Researchers have begun to appreciate the importance of copy number variation when considering the connections between DNA and disease.
Women in their late thirties and forties who have trouble sleeping are more than three times more likely to suffer sleep problems during menopause than women who have an easier time getting shut-eye.
This research could move the medical community one step closer toward effectively detecting concussion and quantifying its severity.
A measles outbreak in Arizona that originated at California's Disney parks is at risk of increasing dramatically in size as health officials keep tabs on 1,000 people, including nearly 200 children who could have been exposed at a Phoenix-area medical center.
The U.N. health agency said the three most affected countries - Guinea, Sierra Leone and Liberia - have reported fewer than 100 cases in the past week, for the first time since June.
For the first time, scientists have revealed a mechanism underlying the cellular degeneration of upper motor neurons, a small group of neurons in the brain recently shown to play a major role in ALS pathology.
The skull dates from around 55,000 years ago, fitting into the period when scientists had thought the migrants inhabited the area.
Evidence is rapidly growing showing vital relationships between both diet quality and potential nutritional deficiencies and mental health, a new international collaboration led by the University of Melbourne and Deakin University has revealed.
Cornell researchers have achieved this feat in rats by engineering human lactobacilli, a common gut bacteria, to secrete a protein called Glucagen-like peptide 1 (GLP-1).
The Food and Drug Administration (FDA) has approved for evaluating in people a nanoparticle-based imaging agent jointly developed at Washington University School of Medicine in St. Louis and the University of California, Santa Barbara, in collaboration with Texas A&M University.
Cells are incredibly complicated machines with thousands of interacting parts — and disruptions to any of those interactions can cause disease.
Killer T cells are one of the body's main lines of defense against pathogens.
Tuberculosis affects over 12 million people globally, and is usually treated with a course of four drugs over several months.
Scientists have determined how an enzyme essential for energy metabolism functions.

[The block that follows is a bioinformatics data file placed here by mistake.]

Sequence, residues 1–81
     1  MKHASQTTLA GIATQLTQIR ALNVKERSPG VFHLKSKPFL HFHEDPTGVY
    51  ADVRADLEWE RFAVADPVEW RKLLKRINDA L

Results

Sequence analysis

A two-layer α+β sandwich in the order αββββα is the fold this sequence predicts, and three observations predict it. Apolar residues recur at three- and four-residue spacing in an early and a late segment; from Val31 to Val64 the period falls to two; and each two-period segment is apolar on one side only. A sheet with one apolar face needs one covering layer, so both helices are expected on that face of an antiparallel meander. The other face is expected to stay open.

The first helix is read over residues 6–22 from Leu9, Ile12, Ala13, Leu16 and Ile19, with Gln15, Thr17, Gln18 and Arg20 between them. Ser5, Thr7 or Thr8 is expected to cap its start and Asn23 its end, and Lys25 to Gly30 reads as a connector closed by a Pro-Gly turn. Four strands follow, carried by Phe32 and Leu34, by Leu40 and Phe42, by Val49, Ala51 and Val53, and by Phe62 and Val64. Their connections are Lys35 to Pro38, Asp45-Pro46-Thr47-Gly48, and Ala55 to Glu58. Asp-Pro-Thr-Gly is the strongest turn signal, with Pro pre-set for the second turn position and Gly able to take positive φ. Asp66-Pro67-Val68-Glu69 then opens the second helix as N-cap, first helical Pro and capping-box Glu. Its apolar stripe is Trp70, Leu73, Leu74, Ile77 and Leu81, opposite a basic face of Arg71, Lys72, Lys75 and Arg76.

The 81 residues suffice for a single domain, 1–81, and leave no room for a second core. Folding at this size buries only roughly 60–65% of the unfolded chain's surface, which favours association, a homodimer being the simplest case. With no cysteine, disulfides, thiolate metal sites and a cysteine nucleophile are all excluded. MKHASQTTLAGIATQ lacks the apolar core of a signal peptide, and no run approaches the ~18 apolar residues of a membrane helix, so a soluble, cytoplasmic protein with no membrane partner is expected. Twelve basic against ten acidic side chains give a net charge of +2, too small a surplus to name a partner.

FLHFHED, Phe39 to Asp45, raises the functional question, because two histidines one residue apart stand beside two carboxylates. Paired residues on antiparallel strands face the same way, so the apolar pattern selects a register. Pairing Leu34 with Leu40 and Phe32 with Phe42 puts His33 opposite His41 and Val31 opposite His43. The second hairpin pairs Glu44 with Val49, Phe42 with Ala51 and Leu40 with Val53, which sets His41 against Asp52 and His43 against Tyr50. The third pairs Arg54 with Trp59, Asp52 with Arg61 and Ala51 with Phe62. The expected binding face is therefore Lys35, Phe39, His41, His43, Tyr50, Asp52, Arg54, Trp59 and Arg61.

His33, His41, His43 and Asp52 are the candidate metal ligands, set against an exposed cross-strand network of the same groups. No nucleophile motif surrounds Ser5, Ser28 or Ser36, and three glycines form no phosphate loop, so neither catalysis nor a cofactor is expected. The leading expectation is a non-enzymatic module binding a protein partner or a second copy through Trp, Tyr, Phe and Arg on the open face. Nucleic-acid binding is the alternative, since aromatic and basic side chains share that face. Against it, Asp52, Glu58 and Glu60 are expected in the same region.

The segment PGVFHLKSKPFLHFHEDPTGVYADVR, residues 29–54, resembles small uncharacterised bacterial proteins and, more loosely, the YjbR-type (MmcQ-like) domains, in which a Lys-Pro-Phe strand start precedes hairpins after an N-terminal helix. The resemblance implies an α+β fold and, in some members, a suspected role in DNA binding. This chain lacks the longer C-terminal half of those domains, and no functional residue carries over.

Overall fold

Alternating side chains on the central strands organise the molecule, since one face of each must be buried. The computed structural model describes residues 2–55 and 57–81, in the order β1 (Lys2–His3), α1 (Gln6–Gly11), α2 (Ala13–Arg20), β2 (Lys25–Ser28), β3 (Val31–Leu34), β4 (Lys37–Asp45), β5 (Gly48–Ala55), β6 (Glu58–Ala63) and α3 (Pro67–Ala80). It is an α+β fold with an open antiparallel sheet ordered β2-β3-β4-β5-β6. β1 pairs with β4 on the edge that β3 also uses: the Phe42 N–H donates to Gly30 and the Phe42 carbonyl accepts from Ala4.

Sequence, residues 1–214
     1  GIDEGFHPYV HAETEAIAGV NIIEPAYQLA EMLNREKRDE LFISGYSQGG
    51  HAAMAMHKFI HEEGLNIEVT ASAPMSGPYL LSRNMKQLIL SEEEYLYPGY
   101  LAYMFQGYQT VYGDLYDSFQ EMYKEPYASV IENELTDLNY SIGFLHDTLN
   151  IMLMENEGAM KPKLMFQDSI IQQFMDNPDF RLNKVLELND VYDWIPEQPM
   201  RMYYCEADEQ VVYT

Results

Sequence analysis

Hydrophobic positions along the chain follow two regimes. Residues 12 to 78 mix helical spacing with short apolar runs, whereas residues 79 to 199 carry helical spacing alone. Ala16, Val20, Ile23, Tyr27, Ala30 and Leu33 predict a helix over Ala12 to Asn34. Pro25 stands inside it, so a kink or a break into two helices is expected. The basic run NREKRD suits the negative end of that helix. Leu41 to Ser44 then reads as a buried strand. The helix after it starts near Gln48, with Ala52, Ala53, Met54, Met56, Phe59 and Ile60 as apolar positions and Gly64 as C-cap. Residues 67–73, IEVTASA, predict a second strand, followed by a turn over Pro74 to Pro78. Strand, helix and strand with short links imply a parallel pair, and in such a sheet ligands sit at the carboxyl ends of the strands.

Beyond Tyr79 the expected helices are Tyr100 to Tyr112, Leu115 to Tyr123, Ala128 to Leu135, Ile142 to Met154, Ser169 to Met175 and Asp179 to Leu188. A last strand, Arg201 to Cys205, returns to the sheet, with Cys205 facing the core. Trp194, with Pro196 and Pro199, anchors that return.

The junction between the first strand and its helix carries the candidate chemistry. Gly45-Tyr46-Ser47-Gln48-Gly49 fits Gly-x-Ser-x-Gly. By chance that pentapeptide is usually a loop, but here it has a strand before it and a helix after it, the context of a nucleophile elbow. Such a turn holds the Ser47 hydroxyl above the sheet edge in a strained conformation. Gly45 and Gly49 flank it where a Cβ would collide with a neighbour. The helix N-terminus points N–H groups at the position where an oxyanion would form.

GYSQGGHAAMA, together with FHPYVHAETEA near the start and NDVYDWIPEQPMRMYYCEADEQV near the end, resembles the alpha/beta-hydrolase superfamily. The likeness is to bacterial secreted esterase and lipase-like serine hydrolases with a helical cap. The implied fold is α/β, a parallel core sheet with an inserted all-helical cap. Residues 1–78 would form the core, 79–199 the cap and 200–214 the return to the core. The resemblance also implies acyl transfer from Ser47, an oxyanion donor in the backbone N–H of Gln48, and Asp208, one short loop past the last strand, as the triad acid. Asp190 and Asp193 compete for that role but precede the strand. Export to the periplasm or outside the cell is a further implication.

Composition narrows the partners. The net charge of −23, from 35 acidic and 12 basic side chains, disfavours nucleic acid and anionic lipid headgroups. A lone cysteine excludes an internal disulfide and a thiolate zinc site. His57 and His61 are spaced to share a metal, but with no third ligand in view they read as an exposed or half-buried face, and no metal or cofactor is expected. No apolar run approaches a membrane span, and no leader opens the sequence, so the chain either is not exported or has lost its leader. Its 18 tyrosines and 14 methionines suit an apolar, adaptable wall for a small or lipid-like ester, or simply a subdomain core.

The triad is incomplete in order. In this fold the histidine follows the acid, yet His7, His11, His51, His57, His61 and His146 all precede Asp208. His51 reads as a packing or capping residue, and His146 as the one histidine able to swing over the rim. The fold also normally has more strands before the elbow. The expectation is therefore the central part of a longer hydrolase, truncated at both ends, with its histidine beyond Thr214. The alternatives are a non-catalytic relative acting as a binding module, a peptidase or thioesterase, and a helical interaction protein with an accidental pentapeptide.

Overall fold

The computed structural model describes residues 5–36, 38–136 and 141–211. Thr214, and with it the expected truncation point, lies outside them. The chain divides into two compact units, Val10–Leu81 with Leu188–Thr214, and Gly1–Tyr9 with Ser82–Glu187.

Millions of genetically modified mosquitoes could be released in the Florida Keys if British researchers win approval to use the bugs against two extremely painful viral diseases.
The World Health Organization has proposed reforms that could overhaul its structure after botching the response to the biggest-ever Ebola outbreak.
A top U.N. official in the fight against Ebola greeted just three patients at one treatment center he visited this week in Sierra Leone.
Scientists have long known that sleep, memory and learning are deeply connected. Most animals, from flies to humans, have trouble remembering when sleep deprived, and studies have shown that sleep is critical in converting short-term into long-term memory, a process known as memory consolidation.
A team of scientists based at Brown University has found that reducing expression of a fundamentally important gene called Myc significantly increased the healthy lifespan of laboratory mice, the first such finding regarding this gene in a mammalian species.
A new procedure can quickly and efficiently increase the length of human telomeres, the protective caps on the ends of chromosomes that are linked to aging and disease.
Eerie fluorescent blue patches of water glimmering off Hong Kong's seashore are magnificent, disturbing and potentially toxic.
Children under two years old can learn certain communication skills from a video.
It involves fostering a community of "good" gut bacteria.
A miniscule cluster of estrogen-producing nerve cells in the mouse brain exerts highly specific effects on aggressive behavior in both males and females.